So he introduced me to Tony Hoeppner, John Burchett, and Jim Van Acker, who were, at the time, the remaining members of the Blue Collar Boys. I came in and took Jim's [Schwall's] place, and we played together from 1985 to 1989. But I didn't like the name Blue Collar Boys, so I made 'em change it to the Blue Collar Band. I just have this thing about naming bands. I dunno.
But I eventually decided that I wanted to do my own band, and wanted to play what I wanted to play, including original material. We were doing a few originals, but very few. Two out of 300. So in 1989, I decided to leave the Blue Collar Band, and our bass player John Burchett said, "I'm ready, too," and went with me. And I got back with Jeff Clark and said, "Look, I want to do a house-rockin' blues band. Like Clapton blues, Stevie Ray Vaughan blues, but our own brand of it. And anything goes - but I wanna drive the bus. I have a vision for it and I want to do it." And Jeff said, "I'm on board."
John called a friend, the keyboard player Rick Stoneking, who came from Natty Scratch, the band that was around here for eons. And along with them, we got Dennis Hancq, who was formerly in the band the Mutcats with Jim Schwall, and who was like our guru for the blues. Dennis and the Mudcats opened for Muddy Waters at the Col Ballroom and were old pros at this stuff by then.
So that was the original band. And we just started rehearsing at Jim's house, and on February 3, 1990, we had our first gig. We played Rascals in Moline, and they went nuts. It was just like, "Man, this is what we should've been doing a long time ago."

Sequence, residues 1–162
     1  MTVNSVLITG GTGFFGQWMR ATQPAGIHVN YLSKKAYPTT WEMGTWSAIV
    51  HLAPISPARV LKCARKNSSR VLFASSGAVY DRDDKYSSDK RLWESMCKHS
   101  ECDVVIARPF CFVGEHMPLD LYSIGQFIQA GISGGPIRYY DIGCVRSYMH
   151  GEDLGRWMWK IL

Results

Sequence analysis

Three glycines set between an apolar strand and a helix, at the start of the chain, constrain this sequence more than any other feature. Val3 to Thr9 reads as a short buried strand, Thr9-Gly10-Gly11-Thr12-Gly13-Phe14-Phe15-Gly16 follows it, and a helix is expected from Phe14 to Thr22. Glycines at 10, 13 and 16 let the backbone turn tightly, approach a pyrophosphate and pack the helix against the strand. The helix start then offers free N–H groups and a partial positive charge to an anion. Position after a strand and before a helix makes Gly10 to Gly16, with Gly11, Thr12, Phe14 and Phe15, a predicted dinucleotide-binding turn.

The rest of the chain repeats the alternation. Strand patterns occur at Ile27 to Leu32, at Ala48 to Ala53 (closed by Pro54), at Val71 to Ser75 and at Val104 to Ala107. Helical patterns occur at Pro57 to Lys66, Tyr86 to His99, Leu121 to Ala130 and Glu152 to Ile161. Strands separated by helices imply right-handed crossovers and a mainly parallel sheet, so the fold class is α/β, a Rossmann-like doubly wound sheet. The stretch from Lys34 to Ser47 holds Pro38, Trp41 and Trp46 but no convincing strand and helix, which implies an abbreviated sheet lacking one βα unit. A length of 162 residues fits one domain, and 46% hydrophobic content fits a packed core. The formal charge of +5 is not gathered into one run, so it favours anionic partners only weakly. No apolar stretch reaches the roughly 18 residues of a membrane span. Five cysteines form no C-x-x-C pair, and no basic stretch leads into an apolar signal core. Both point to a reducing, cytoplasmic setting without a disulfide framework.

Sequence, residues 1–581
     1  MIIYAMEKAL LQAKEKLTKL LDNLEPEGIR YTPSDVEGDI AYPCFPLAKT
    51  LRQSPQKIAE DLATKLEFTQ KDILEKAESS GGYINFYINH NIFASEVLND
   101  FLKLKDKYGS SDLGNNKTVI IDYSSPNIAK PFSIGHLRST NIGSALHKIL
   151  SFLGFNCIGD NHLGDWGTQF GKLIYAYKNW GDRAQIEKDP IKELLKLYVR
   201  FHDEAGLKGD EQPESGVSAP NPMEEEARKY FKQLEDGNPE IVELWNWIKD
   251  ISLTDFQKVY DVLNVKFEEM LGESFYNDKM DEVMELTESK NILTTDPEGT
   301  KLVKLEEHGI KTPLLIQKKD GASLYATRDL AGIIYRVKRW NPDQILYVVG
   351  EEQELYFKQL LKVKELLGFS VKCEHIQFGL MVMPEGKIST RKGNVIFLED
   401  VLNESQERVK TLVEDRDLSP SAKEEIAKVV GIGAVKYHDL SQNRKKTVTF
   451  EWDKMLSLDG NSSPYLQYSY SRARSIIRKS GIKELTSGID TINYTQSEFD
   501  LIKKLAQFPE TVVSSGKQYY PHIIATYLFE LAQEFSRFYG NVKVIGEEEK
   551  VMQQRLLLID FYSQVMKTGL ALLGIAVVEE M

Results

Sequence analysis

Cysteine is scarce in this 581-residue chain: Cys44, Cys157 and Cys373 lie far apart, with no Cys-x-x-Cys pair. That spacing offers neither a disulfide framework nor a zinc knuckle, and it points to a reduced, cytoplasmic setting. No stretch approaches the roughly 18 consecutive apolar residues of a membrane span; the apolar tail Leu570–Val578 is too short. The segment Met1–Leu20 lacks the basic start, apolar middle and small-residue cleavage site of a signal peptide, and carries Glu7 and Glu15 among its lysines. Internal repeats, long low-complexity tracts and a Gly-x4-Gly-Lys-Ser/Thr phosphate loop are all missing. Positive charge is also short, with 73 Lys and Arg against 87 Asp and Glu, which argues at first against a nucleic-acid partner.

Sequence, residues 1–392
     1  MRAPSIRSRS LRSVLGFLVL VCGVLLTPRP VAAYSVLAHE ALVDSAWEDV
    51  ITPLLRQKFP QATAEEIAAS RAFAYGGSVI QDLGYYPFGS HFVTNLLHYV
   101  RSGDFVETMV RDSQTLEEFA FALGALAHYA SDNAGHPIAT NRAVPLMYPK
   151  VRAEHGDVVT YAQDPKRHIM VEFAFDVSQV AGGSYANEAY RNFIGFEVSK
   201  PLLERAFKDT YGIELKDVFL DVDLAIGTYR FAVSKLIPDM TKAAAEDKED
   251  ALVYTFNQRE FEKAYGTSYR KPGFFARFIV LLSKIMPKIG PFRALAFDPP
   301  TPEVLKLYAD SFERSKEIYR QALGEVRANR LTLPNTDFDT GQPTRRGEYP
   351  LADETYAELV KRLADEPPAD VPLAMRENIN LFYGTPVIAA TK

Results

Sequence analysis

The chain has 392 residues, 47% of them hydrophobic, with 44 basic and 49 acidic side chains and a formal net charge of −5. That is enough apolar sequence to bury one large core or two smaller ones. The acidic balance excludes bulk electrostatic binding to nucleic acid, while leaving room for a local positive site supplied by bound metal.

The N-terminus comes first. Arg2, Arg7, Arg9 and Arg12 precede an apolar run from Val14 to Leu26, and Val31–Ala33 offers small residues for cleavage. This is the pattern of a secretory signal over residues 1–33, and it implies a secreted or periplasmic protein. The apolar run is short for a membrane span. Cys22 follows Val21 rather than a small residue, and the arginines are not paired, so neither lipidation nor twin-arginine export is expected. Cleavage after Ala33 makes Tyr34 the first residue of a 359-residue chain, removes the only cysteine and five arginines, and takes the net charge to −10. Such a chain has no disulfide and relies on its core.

A Jillion Different Directions
Dennis left, I think, in '91 or early '92, and Jeff followed shortly thereafter. We're still the best of friends today, but they needed to move on. And it was tough. I mean, Jeff is a rock-solid drummer and plays hard. And Dennis, who lives in Arizona now, was an excellent vocalist and one of the premier harmonica players ever to come from around here.
But Jim Stroehle joined us on drums for a while after Jeff left, and for a while we had John O'Meara playing guitar and doing some vocals ... . And Randy Haddock was guesting with us. He must've been in his mid-60s, getting close to 70. But that dude played sax with so much soul that you'd close your eyes and it was hard to believe it was a white man playing the saxophone. And I mean that in all respect for the genre and black musicians. He just had pure soul.
With our current configuration, "Detroit" Larry Davison came in about '92 or so, and he is without a doubt - and I don't say this 'cause he's my friend - one of the baddest on the harmonica. I've heard some good ones play, but what he does is amazing. Terry Hanson, our drummer, has been with us close to 15 years now. He also has his own jazz ensemble, of course. Always has. And he's incredible. Every time I play a gig with Terry, I learn something.
And last year, Tony Hoeppner joined us. He was with John and me in the Blue Collar Band, and plays with me in our acoustic quartet Whoozdads?. And we were doin' so much music together - and he's such an incredible songwriter and singer and guitarist - that I said, "Hey, why don't you just come play with us in this, too?" It just made sense. So now, with me and John and Rick, we have six pieces.
The big band doesn't do that much anymore, and it's not because we don't want to. It is a little bit because we're all getting older. John and Tony and Rick are retired, you know, and this August I'm gonna turn 60. But a six-piece band? There's not that much call for it unless you want to travel.
But we've all gone a jillion different directions. John did several albums with Ralph Iaccarino and Noble Spirit; Rick has gone back and done things with Natty Scratch; I've done things with Andrew Landers and got to do a little dobro work on the Candymakers' album ... . Our guys are all hired hitmen for area bands. And I like it when you get to sit back and just be one of the musicians - sometimes that's nice, you know? You don't have to sing all the tunes and call all the songs.